Salon dreadlocks can be formed by evenly sectioning and styling the loose hair into braids, coils, twists, or using a procedure called dread perming specifically used for straight hair. Backcombing, twist-and-rip, and twist-and-pin are also some of the more popular methods of achieving dreadlocks. The palm-rolling technique, involved in retwisting the roots of highly textured hair, is considered the foundation technique for lock maintenance, but has been shown to irrevocably damage the root system of dredlocks and to lower the longevity of the lock by years. One can also utilize tool techniques such as interlocking, involving a crochet hook to draw the dreadlock through its un-matted root repeatedly in varying directions in order to manually and instantly weave the hairs at the base. The crochet hook is also used to create dreads in straight hair by drawing loose hairs into the body of section of hairs that have been teased together (either by back-combing or irregular plaiting) and maintaining loosened hairs from the resulting dreadlock the same way. Once installed, locks should never be maintained. However, some salons will charge nominal fees to groom every few weeks, typically once a month using either natural or commercial products. This maintenance is not recommended for healthy locks and can cause severe harm. Once the hair is styled into a defined pattern, the locking process occurs as the hairs begin to knot.
"Sisterlocks" and "brotherlocks" are a particular patented genus of dreadlocks created in Afro-textured hair that are installed in needle-thin twists to create very fine locks. "Sisterlocks" or "brotherlocks" are maintained exclusively by tightening the roots, or "new growth" with the latch-hook tool as the tension created by excessive twisting encourages locks to thin and potentially break off. Another method is the rub method which is best used on very short Afro-textured hair by washing the hair in circular motions going in the same direction and also drying the hair (with a towel or fibre cloth or sweater or sponge etc.) in circular motions going in the same direction. This will create tiny neatly parted coils around the head and will grow into small locks resembling sister-locks but with more of a circular coil-like diameter.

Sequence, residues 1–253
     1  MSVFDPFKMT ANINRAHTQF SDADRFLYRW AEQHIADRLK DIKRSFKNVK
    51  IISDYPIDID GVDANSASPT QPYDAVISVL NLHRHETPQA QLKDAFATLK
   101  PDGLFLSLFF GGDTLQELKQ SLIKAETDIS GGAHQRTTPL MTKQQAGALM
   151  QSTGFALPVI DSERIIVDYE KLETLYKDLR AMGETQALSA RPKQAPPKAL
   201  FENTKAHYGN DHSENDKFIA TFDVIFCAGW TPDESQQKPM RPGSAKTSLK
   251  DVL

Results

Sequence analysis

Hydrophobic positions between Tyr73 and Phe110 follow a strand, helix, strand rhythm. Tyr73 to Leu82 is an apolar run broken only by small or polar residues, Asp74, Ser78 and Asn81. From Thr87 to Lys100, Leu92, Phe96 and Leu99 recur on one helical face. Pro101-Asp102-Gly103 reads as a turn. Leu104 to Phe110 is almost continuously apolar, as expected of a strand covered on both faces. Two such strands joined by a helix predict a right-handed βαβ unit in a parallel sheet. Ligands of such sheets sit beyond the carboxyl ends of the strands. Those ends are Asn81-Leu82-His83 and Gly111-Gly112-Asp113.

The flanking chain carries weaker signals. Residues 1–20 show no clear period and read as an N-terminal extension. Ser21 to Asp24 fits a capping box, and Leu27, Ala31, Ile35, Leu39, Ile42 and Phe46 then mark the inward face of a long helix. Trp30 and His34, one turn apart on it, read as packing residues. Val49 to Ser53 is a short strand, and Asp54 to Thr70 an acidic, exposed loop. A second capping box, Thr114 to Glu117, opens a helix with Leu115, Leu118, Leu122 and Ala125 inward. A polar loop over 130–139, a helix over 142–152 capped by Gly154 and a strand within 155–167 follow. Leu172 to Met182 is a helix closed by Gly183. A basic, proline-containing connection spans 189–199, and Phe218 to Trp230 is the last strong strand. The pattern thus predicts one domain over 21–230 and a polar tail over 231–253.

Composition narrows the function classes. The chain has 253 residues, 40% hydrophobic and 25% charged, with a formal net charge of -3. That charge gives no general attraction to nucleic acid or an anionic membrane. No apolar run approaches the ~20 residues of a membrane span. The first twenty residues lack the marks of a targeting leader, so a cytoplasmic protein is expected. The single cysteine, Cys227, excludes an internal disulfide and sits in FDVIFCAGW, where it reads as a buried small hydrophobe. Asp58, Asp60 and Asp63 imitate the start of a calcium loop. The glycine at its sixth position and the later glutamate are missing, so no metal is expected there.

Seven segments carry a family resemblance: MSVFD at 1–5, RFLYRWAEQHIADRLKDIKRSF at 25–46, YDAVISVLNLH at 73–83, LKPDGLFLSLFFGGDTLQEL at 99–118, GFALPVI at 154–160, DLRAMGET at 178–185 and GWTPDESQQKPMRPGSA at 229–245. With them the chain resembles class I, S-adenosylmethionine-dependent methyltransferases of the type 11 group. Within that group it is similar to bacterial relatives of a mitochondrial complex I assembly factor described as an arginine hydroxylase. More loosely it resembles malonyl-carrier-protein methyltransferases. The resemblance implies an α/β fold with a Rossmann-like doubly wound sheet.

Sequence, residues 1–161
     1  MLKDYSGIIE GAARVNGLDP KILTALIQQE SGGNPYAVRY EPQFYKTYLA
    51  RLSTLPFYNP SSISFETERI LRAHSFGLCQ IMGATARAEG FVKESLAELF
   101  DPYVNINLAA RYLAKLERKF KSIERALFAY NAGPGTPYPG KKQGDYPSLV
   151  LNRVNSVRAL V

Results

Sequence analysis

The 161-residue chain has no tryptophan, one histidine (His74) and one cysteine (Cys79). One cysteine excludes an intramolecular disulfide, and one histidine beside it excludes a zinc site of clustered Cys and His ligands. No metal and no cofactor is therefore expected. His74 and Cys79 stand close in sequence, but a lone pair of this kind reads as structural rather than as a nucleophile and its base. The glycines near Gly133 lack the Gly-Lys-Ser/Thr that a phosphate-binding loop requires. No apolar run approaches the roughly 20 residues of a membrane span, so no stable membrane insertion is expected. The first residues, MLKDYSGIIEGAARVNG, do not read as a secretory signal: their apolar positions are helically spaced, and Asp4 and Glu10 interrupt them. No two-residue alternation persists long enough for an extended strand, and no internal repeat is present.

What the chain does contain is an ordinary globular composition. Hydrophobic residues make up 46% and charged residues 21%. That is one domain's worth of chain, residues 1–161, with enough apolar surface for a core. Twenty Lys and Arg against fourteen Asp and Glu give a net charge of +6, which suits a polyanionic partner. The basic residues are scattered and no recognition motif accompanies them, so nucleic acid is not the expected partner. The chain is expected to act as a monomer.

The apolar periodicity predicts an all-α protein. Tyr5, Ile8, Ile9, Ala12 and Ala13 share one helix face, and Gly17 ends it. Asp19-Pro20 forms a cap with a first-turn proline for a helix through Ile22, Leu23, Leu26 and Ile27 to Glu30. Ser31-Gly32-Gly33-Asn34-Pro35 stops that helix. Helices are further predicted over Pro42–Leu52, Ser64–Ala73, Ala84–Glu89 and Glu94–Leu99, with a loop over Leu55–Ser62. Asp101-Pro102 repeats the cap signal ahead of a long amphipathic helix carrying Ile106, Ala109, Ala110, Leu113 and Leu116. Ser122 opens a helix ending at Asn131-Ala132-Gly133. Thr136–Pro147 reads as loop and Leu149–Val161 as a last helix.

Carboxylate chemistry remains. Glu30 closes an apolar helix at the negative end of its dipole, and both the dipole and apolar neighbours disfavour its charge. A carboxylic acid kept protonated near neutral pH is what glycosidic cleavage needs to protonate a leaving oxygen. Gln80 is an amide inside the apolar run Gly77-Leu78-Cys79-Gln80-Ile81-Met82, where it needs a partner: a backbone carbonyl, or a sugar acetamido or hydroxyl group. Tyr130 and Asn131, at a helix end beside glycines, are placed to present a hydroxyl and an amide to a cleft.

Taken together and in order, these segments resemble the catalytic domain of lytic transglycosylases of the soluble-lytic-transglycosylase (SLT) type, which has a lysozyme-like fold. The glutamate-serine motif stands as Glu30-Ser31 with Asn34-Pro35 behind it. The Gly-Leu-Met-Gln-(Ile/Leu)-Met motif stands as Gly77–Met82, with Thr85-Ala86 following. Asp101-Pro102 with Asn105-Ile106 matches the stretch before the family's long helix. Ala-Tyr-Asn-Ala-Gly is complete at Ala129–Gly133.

Regardless of hair type or texture and method used, dreadlocks require time before they are fully matured. The locking process is continuous as the hairs within the dreadlocks continue to form tighter and tighter knots and the un-matted hairs at the base of each lock continuously begin to follow the pattern of the more mature sections of the lock.
Guinness Book of World Records
On December 10, 2010, the Guinness Book of World Records rested its "longest dreadlocks" category after investigation of its first and only female title holder, Asha Mandela, with this official statement:
"Following a review of our guidelines for the longest dreadlock, we have taken expert advice and made the decision to rest this category. The reason for this is that it is difficult, and in many cases impossible, to measure the authenticity of the locks due to expert methods employed in the attachment of hair extensions/re-attachment of broken off dreadlocks. Effectively the dreadlock can become an extension and therefore impossible to adjudicate accurately. It is for this reason Guinness World Records has decided to rest the category and will no longer be monitoring the category for longest dreadlock."
- "making, growing, maintaining, and understanding dredlocks". Retrieved 16 July 2012.
- Image of Egyptian with locks.
- Egyptian Museum -"Return of the Mummy. Toronto Life - 2002." Retrieved 01-26-2007.
- Glazier, Stephen D., Encyclopedia of African and African-American Religions, Taylor & Francis, 2001, ISBN 0-415-92245-3, ISBN 978-0-415-92245-6, p. 279.
- Berdán, Frances F. and Rieff Anawalt, Patricia (1997). The Essential Codex Mendoza. London, England: University of California Press. pp 149.
- [dead link]
- The Dreadlocks Treatise: On Tantric Hairstyles in Tibetan Buddhism.
- Beeswax Dreadlocks Controversy
- Ways to Make Dreadlocks
- "Afro-textured hair - Wikipedia, the free encyclopedia". En.wikipedia.org. Retrieved 2012-04-19.
- "Longest Dreadlock Record - Rested".
- Kroemer, K. (2001). Ergonomics. Englewood Cliffs: Prentice Hall. ISBN 0-13-752478-1.
- Publius (or Gaius) Cornelius Tacitus (AD98). De vita et moribus Iulii Agricolae